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  1. #1
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    New Elk Hunter Intro

    Hey everybody!
    I'm Antun, a new elk hunter from Virginia. I've hunted deer across the southeast for about 15 years now, and I happened across an elk episode of a hunting show and now I'm afraid I've got the bug. I've been joining forums, listening to all the podcasts I can soak in, trying to figure out how to bugle (boy, does that seems daunting). I've also been pestering the small number of people I know who've elk hunted...ever... (Which apparently comes out to about three, of whom, only one has really opened up at all about it).

    I know some forums are hostile to newbs asking for advice (like when I hunted MD, some of those forums were downright nasty), but so far it seems like Eastmans (which I just subscribed to as well) seems like a generous, knowledgeable bunch of guys. I sure hope so. I know information differs from year to year, but I wouldn't think by much, right?

    A little background on me: As I mentioned, I'm a longtime whitetail hunter and have a freezer of meat, but I'd like to up my game a bit, and decided to start elk hunting. I've been in the Army for a while (getting out soon) and have done everything from humping long guns to flying a desk.

    I settled initially on Idaho due to the disabled vet options, but I'm now considering Oregon and Wyoming. Still trying to figure out the "A" v "B" tags in ID, the "1" thru "4" options in Wyoming, so if anyone can provide some insight into those differences, I'd appreciate it.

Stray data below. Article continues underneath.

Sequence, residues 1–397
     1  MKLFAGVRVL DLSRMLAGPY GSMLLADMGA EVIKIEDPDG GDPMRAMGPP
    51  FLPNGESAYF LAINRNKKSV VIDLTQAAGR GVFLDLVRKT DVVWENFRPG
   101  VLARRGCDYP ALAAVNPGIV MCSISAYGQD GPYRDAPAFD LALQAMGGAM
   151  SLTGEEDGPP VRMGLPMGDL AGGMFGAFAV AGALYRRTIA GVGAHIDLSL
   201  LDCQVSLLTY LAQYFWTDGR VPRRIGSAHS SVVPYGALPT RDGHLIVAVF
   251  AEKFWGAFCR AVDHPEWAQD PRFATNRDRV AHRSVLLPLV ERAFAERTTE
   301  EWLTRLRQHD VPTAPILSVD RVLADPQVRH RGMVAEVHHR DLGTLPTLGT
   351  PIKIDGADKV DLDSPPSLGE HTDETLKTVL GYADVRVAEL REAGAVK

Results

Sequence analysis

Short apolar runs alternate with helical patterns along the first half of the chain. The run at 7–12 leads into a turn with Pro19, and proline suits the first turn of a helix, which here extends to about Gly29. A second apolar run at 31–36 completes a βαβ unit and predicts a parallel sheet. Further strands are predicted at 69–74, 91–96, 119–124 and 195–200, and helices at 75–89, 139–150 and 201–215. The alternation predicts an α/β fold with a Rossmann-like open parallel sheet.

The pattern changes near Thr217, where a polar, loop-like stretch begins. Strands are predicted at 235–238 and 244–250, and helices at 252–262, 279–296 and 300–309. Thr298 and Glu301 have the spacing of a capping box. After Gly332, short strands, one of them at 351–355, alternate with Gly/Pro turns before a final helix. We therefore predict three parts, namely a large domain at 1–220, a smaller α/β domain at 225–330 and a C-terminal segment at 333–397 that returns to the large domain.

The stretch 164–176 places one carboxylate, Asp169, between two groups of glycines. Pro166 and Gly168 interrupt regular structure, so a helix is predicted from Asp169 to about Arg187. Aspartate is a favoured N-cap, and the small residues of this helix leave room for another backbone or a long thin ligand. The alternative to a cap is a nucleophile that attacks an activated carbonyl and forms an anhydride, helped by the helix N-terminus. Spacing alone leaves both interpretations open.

It seems like the best bet is to go OTC in one of those states and find a spot to hump in, which I'm completely willing to do. I'd rather sleep in a fart sack out in the boonies than camp in the truck (though no offense to you guys who do that, its just not my style and I'm too tall to sleep comfortably in most trucks).

    Not super interested in sticking a MONSTER elk my first time out. I got lucky with my first whitetail and it's kind of been underwhelming to hunt smaller deer since, and I'd really be okay with shooting a smaller elk my first time (but not really looking for a raghorn, either)... that said, anything bigger than a raghorn is still a monster for me, you know?

    I'm also super curious about y'alls collective experiences with bear/wolves/cougar, and how much of a threat they really pose to a smart hunter (by smart, I'm assuming the normal backpacking practice of hanging bear bags at night and changing clothes after dinner is the norm, right? That kind of thing?) Outside of that, I don't really know what to expect, but would like to have some idea of what to expect. Mainly so I don't over pack. I learned in Afghanistan that "ounces equal pounds", and don't want to carry a hand cannon if bear spray's truly more effective, or neglect to bring it if wolves are going to test my boundaries. Seems like the cats don't really bother you too much if you go about your business normally. I remember being in the Boy Scouts out in Philmont, woke up in the morning and big paw prints in the dew around my tent, went out to pee during the night and never got chewed up, so I figure they're not as scary as the rep they get. But that's why I'm asking y'all.

    Anyway, I look forward to chatting with y'all and learning as much as I can in the next 8 months!

    Regards,
    Rad

  2. #2